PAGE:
AI, algorithms, deep learning, big data - barely a week goes by without a new revelation about our increasingly digital future. Computers will cure cancer, make us richer, prevent crime, decide who gets into the country, determine access to services, map our daily movements, take our jobs away and send us to jail. Successive innovations spark celebration and concern.
The UK should be “ready, willing and able” to profit from the economic potential of being a world leader in the artificial intelligence industry, a recent government report emphasises. Academics and civil society, meanwhile, sound warnings over corporate accountability, the intrusiveness of personal data and the ability of legal frameworks to keep pace with technological challenges.
These concerns become particularly acute when it comes to the use of digital technology by the public sector, which is compiling ever larger datasets on citizens as it moves towards an increasingly digitised future. But how this is happening is still a huge unknown. Questions abound about what national and local governments are already doing with data, who they are paying to do the work, and what the potential outcomes could be, especially for society's most vulnerable people.
Attempting to shed some light on those questions is of clear public interest. As such, the Bureau has been looking at this area with a view to launching it as an investigative theme. We started by undertaking a six-month scoping exercise, examining what IT systems the government is buying. In a report out today, ‘Government Data Systems: The Bureau Investigates’, we release our initial findings.
Our report looks at how to use publicly available data to build a picture of companies, services and projects in this area. We trawled through official transparency data, scraped websites, dug into big datasets, and made dozens of freedom of information requests to public authorities. We also interviewed experts, insiders, academics and members of civil society.
Government IT contracting is a flourishing sector. We found more than 1,800 IT companies selling short-term contracts to government, and almost 300 providing more complex services. The Home Office's plans to become a “data-driven organisation” have required work by more than 40 companies in just the last two years, our research revealed.
What it didn’t reveal, however, was precisely what all these companies are working on, or why they were hired in the first place. From start to finish we encountered systemic problems with disclosure, despite the UK's claim to lead the way in open data.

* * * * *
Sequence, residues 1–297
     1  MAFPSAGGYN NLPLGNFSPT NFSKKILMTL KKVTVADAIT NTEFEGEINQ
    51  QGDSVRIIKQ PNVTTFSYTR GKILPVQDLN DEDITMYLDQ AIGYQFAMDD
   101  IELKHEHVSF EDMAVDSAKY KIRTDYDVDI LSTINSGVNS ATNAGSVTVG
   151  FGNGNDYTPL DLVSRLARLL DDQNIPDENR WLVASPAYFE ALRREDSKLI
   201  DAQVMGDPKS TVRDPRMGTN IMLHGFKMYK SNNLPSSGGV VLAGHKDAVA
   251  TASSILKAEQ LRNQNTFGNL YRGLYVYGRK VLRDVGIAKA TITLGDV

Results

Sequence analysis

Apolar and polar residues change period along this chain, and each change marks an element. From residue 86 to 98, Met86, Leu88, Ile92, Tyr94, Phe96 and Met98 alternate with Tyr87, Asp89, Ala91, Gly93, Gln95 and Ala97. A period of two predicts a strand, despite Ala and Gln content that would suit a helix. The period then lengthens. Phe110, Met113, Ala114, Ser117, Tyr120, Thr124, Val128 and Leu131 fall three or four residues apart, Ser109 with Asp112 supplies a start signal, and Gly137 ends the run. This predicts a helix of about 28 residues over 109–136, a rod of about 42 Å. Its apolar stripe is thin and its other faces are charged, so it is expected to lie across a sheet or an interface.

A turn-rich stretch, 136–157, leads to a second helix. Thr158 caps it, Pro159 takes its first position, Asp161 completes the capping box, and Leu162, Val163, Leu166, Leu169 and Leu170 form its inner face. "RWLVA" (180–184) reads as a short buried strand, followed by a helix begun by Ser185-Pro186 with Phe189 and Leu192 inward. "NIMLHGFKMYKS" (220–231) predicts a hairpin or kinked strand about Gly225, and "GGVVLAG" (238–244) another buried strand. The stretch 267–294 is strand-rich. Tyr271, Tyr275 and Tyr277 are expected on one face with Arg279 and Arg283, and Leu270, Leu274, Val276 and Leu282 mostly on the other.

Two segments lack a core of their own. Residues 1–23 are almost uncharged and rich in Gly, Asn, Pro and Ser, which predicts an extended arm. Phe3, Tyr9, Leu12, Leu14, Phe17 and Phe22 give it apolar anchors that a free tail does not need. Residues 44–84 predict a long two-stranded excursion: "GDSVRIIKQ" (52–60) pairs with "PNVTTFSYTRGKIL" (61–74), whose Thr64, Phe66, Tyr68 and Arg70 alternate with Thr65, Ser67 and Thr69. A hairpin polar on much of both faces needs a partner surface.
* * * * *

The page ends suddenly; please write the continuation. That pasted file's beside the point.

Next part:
Transparency - and therefore accountability - over the way in which public money is spent remains a grey area. This should ring alarm bells. The state is in the midst of a complex data-driven revolution predicated on saving money through major digital transformation programmes. But its citizens often remain in the dark about what the changes will entail and who is being paid to carry them out.
We've now launched Decision Machines, the project investigating the issues raised in this report and looking in more detail at several aspects of how governments are using dataFind out more
Government Data Systems: The Bureau Investigates
- Development of algorithmic and data-driven systems is frequently predicated on austerity - doing more with less.
- The adoption of such systems, the combining of legacy databases and the roll out of “digital by default” services is a major driving force in public policy.
- Information technology contracting for government is a flourishing area: although still dominated by traditional big names, many lesser known companies are also offering a wide variety of services.
- The Home Office’s ambitious plans for new data-driven systems have required the assistance of over 40 companies in just the last two years.
- We traced several types of government purchasing activities for digital systems, finding over 1,800 companies selling simpler or shorter-term consultancy, software and storage services and almost 300 providing more complex requirements.
- Many authorities were unwilling or unable to specify how and why they purchased these services, however, or what their precise specifications were.
- Public authorities - national and local - are supposed to keep transparent and accessible records of the services they purchase (in part to comply with the Public Contracts Regulations 2015). We found that this was rarely the case.
- Government transparency datasets are an inadequate tool for understanding purchases, particularly in the case of highly diverse large companies which offer a multiplicity of services (true of many major government contractors). The UK lags massively behind the US’s granular approach to public spending available through the Federal Procurement Data System, for example.
- Transparency - and therefore accountability - over the way in which public money is spent remains a very grey area in the UK. This is concerning, particularly at a time when the state is driving a complex data-driven revolution predicated on saving money through major digital transformation programmes and legacy system overhauls.